Following a two-year hiatus of its summer Overseas Seminars, the Bing Overseas Studies Program (BOSP) received over 460 applications this past weekend for its five 2012-13 programs, according to BOSP Enrollment Services Coordinator Alyssa Geiger.
The three-week seminars, which are capped at an enrollment of 15 students each, will take students to Brazil, India, the Netherlands, Tanzania and Turkey. Applications for the seminars were due at 11:59 p.m. this past Sunday, Jan. 29.
BOSP Director Robert Sinclair said the ratio of applications to particular sites is much higher this round than compared to what it has been in previous years. He credits pent-up demand for the seminars, this year’s chosen locations and leading faculty for the increase.
“I think the message is clear that this is a very popular program amongst the students and there’s a high demand for it,” Sinclair said.
According to Sinclair, BOSP has already sent a funding request to the Office of the Vice Provost for Undergraduate Education for eight seminars in 2013-14 and may submit one or two more for the following year.
“We wanted to provide opportunities for students complementary to the regular quarter-long programs, and so we identified locations that would do that and provide new opportunities for students,” Sinclair said.
The Istanbul seminar, titled, “City of Empires: History, Memory and Global Experience in Eastern Mediterranean,” received 155 applicants, making it the most popular choice among students. The seminar will be Stanford’s first study abroad opportunity in the Middle East.
Ali Yaycioglu, history professor and leader of the Istanbul seminar, said there is a growing interest in the Middle East on campus. Yaycioglu said he is excited to share the city with his students while exploring it from a historical and anthropological perspective.
“We are going to see how one of the most historically complicated cities of the world is functioning and operating in postmodern times of global expansion and global finance,” Yaycioglu said.
Students participating in the Istanbul trip will get a chance to showcase photographs, writings and sketches from the trip in an exhibit currently being planned for this coming fall quarter.
Yaycioglu added that since Koc University is providing some accommodations for the trip, both Stanford and Koc will gain a lot through the mutual exposure.
“It goes beyond just Overseas Seminars. For us it shows the interest of the student body towards certain geography, culture and issues,” Yaycioglu said.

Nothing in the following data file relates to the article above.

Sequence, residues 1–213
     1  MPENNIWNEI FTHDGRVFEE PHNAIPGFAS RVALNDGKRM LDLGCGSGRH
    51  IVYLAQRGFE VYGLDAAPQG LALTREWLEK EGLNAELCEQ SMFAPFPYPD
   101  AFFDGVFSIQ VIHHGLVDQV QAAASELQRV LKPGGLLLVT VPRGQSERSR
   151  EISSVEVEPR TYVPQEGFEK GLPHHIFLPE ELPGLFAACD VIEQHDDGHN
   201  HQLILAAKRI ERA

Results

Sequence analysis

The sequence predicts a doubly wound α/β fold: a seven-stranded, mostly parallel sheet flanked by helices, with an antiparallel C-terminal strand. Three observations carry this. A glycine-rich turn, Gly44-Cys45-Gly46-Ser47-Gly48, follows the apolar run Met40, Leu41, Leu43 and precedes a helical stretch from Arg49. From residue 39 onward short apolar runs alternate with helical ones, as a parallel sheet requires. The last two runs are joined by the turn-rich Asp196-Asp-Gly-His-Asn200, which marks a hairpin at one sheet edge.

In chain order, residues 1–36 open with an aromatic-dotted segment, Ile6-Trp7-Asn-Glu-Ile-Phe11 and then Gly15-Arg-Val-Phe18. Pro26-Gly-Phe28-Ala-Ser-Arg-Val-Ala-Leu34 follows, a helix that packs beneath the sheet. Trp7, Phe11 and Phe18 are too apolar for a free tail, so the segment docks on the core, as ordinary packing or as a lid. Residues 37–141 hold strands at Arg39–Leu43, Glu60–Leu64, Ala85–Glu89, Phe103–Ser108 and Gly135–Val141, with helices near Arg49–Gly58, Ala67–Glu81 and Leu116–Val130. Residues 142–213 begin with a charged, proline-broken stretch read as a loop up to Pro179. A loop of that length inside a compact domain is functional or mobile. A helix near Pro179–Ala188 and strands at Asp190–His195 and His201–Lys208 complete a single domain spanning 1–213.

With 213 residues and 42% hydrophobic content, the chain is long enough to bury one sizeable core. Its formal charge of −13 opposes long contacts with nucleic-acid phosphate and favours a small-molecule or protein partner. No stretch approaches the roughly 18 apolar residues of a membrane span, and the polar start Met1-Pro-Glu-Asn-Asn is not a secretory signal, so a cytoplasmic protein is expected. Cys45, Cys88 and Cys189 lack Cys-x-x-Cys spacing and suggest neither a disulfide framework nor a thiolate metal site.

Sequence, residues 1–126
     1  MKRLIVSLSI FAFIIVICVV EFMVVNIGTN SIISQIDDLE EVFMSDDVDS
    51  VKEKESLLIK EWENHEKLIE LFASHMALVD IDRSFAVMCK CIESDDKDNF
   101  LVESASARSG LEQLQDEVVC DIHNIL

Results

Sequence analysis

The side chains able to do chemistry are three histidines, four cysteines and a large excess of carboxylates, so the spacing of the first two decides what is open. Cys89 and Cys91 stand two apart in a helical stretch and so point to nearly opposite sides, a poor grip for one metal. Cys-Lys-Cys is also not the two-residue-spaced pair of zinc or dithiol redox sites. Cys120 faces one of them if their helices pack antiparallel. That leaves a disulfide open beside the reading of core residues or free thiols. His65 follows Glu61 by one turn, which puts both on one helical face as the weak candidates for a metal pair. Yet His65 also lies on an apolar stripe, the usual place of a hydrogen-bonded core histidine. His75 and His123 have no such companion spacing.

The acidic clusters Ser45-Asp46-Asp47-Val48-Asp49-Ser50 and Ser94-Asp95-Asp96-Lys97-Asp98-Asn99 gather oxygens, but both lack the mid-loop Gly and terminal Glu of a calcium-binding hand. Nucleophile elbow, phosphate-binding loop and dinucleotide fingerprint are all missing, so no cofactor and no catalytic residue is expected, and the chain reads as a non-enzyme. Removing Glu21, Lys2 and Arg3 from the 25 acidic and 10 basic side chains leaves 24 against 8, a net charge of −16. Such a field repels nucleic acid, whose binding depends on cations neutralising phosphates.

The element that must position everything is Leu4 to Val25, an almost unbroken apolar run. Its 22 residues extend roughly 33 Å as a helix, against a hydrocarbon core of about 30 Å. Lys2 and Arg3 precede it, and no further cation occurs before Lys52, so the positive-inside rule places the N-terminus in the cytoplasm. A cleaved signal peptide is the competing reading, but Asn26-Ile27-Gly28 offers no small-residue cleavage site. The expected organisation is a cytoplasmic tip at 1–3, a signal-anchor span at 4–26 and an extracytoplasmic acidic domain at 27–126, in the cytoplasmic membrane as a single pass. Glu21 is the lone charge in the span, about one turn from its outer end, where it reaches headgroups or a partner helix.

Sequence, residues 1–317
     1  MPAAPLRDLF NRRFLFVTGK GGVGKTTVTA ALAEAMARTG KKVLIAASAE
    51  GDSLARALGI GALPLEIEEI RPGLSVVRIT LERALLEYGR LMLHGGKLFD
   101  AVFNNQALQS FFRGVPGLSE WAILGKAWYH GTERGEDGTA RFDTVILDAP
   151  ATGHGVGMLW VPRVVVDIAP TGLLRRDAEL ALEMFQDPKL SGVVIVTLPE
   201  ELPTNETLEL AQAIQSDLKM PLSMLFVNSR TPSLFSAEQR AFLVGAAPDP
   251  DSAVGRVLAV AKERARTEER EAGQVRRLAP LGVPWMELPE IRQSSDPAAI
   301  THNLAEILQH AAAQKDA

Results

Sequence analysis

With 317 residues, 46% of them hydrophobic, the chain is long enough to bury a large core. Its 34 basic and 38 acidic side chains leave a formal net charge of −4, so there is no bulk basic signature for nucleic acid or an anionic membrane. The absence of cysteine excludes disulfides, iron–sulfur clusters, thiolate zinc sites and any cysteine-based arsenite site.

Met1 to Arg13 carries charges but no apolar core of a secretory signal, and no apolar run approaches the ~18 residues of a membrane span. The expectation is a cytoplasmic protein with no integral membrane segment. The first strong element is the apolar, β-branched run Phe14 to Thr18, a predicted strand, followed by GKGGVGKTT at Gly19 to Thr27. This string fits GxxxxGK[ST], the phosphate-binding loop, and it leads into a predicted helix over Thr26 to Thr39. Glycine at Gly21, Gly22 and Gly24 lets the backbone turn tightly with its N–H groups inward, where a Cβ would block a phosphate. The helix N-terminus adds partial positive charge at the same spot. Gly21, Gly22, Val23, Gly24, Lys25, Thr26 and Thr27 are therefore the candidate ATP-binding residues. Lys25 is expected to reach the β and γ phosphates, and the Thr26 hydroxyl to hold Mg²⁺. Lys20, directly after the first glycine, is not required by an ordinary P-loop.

Marília Librandi-Rocha, assistant professor of Brazilian literature and culture and leader of the Brazil seminar, wrote in an email to The Daily that long-term benefits apply to her class, as well.
“I believe that besides the exact number of applicants, Stanford University is looking ahead: Brazil is an important new partner and this is the right moment to firm a connection [sic],” Librandi-Rocha said. “Brazil’s growing investments in education and in technology need Stanford knowledge. Both parts have a lot to gain.”
Fifty-seven students applied to the “Rio de Janeiro: A Cultural History” seminar.
For Robert Siegel, associate professor of microbiology and immunology and leader of “Issues of Development in Northern Tanzania,” the hardest part will be selecting 15 participants from the 79 applicants for his seminar. Nevertheless, Siegel is still looking forward to leading this trip again after having done so six years ago.
“I think for a lot of the students there’s an excitement to be able to experience Africa — particularly East Africa — and the culture there,” Siegel said. “I think a lot of students are interested in the topic of development.”
Music Professor Mark Applebaum will offer “The Amsterdam Trans-Idiomatic Arts Practicum in the Netherlands.” Thomas Hansen, Sharika Thiranagama and Sangeeta Mediratta will lead students in “Minority as Cultural Form in South Asia” in New Delhi and Mumbai, India.
Respectively, 122 and 54 students applied to the seminars.
According to Sinclair, the students will be notified of final acceptance decisions on March 2. Faculty will have until then to review the applications and host interviews if they wish, but the criteria for selecting students is still up to the discretion of each individual faculty member.
Sinclair said he is very excited to be offering the program once again.
“We’ve worked hard to provide this new opportunity, and it’s terrific for us to see the response,” Sinclair said. “We would like in turn to respond to that level of support and provide increasing opportunities over the years for students.”